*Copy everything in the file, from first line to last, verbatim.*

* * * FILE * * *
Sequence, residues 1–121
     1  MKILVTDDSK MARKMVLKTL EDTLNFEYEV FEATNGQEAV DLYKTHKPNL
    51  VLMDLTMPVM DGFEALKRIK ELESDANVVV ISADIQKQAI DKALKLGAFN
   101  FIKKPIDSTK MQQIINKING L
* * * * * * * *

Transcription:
Sequence, residues 1–121
     1  MKILVTDDSK MARKMVLKTL EDTLNFEYEV FEATNGQEAV DLYKTHKPNL
    51  VLMDLTMPVM DGFEALKRIK ELESDANVVV ISADIQKQAI DKALKLGAFN
   101  FIKKPIDSTK MQQIINKING L